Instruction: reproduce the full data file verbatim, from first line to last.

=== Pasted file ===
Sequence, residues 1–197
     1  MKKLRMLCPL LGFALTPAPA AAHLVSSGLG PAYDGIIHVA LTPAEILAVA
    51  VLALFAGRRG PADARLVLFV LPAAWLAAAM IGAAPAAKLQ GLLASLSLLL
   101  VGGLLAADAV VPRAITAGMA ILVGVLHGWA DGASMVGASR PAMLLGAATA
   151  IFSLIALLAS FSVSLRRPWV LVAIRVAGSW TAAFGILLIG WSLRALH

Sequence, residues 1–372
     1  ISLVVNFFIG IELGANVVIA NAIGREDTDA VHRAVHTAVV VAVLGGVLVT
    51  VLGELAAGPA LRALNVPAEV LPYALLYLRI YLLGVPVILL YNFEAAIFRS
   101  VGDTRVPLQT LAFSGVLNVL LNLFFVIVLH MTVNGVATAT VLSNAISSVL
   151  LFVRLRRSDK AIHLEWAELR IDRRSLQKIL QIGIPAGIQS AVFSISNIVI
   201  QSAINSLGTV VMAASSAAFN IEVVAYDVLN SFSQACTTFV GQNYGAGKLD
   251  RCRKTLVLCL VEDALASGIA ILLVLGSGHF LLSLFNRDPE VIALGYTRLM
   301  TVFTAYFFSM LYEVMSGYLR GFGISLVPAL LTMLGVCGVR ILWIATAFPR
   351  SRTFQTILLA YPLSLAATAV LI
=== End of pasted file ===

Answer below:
Sequence, residues 1–197
     1  MKKLRMLCPL LGFALTPAPA AAHLVSSGLG PAYDGIIHVA LTPAEILAVA
    51  VLALFAGRRG PADARLVLFV LPAAWLAAAM IGAAPAAKLQ GLLASLSLLL
   101  VGGLLAADAV VPRAITAGMA ILVGVLHGWA DGASMVGASR PAMLLGAATA
   151  IFSLIALLAS FSVSLRRPWV LVAIRVAGSW TAAFGILLIG WSLRALH

Sequence, residues 1–372
     1  ISLVVNFFIG IELGANVVIA NAIGREDTDA VHRAVHTAVV VAVLGGVLVT
    51  VLGELAAGPA LRALNVPAEV LPYALLYLRI YLLGVPVILL YNFEAAIFRS
   101  VGDTRVPLQT LAFSGVLNVL LNLFFVIVLH MTVNGVATAT VLSNAISSVL
   151  LFVRLRRSDK AIHLEWAELR IDRRSLQKIL QIGIPAGIQS AVFSISNIVI
   201  QSAINSLGTV VMAASSAAFN IEVVAYDVLN SFSQACTTFV GQNYGAGKLD
   251  RCRKTLVLCL VEDALASGIA ILLVLGSGHF LLSLFNRDPE VIALGYTRLM
   301  TVFTAYFFSM LYEVMSGYLR GFGISLVPAL LTMLGVCGVR ILWIATAFPR
   351  SRTFQTILLA YPLSLAATAV LI